Defense hopes to stay hot at "crazy loud' PBS

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Pro Bowl left end Carlos Dunlap on the prowl in one of the 22 wins in last 28 PBS games.

Raucous and rowdy Paul Brown Stadium, a mausoleum for opposing quarterbacks and a playground for the Bengals' Double A Gap Blitz, is open for business again in Sunday's sold-out opener (1 p.m.-Cincinnati's Channel 12) when the Bengals try to hand Broncos quarterback Trevor Siemian his first loss in his third NFL start.

Since they shelved the Giants' Eli Manning on two picks for no touchdowns back on Nov. 11, 2012, the Bengals have stacked quarterbacks great and small like cordwood during the last 28 regular-season PBS games. In a 22-5-1 stretch in their building they have held opposing passers to a miserly 68.8 rating and to just 35.8 percent on third down. Everyone from Tom Brady (1-for-12 on third down) to Matt Cassell (0-for-9) has felt the wrath of the downtown din from the salty 60,000-plus.

Cincinnati Bengals host practice at Paul Brown Stadium practice fields 9/22/2016

"The 12th man," said Pro Bowl left end Carlos Dunlap after Thursday's practice. "This crowd's great. They make it hard on quarterbacks to make checks and adjustments. It's a lot easier to play in front of the home crowd. And the last couple of years it's been way louder than when I first got here. The last two or three years it's been crazy loud."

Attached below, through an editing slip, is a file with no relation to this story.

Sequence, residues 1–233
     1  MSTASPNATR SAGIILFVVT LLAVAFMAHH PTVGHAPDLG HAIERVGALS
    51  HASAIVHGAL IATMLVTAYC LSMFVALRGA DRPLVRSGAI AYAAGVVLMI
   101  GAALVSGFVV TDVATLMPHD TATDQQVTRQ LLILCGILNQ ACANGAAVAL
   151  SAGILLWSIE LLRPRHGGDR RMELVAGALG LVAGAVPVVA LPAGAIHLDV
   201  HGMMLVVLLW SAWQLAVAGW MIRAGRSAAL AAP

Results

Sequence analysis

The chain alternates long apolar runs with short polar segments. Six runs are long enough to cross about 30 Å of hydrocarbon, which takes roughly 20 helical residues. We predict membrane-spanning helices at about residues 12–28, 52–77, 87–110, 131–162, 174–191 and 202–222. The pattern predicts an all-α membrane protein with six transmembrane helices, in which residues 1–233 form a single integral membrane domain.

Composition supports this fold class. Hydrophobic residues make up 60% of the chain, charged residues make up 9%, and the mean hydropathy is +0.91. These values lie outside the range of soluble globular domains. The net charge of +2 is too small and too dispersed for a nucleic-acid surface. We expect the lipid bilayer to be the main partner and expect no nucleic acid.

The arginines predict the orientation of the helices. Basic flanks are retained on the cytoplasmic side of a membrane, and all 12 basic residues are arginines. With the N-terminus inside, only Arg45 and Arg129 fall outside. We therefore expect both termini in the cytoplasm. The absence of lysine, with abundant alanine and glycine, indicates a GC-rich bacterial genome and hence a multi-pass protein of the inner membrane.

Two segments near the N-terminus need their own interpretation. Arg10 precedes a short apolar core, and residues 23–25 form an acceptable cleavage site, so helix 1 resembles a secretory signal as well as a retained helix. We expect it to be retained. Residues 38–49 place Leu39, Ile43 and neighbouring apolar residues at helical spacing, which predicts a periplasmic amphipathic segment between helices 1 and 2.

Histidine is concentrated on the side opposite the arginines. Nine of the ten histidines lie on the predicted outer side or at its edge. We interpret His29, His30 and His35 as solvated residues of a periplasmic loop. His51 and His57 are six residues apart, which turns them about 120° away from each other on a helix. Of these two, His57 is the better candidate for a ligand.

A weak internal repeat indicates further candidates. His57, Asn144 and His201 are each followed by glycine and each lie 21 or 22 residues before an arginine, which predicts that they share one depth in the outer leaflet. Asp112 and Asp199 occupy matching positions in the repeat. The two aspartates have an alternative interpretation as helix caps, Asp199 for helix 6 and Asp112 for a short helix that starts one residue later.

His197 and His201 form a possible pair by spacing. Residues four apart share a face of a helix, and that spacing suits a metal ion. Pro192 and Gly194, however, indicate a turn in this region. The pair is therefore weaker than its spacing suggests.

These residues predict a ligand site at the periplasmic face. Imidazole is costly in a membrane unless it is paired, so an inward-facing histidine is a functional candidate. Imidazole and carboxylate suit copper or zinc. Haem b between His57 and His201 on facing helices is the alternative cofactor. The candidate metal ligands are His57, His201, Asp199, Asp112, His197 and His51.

Just ask that elite class of Super Bowl-winning quarterbacks, who are 2-9 among those 28 games. Brady went down in a monsoon. Russell Wilson went down in overtime. Aaron Rodgers went down with his fourth-down pass that right end Michael Johnson tipped on the last play from scrimmage at the Bengals 20.

"That's what you call home-field advantage. The fans bring great energy.  They know when to get loud. They know when to quiet down," Johnson said.

 "It just seems loud on third down. I love playing here. It's one of the loudest places I've ever heard, especially on third down. It's tough to come into The Jungle."

And yet there has to be some unease about the little-known Siemian in Bengaldom, a countryside once rocked by someone named T.J. Yates in his first NFL start at PBS long before the Green-Dalton Era.

More angst? The man who foisted Yates on the Bengals in 2009, Broncos head coach Gary Kubiak and his dizzying cut-back running game are 6-0 against the Bengals and head coach Marvin Lewis.  

"Everybody knows the charge," said linebacker Vincent Rey. "Can we stop them from running the ball?"

"(Siemian) is in the NFL for a reason," Dunlap said. "He's a rookie when it comes to playing and supposed to make rookie mistakes, but he hasn't made them yet. So we have to force him. We want to make him throw it very much."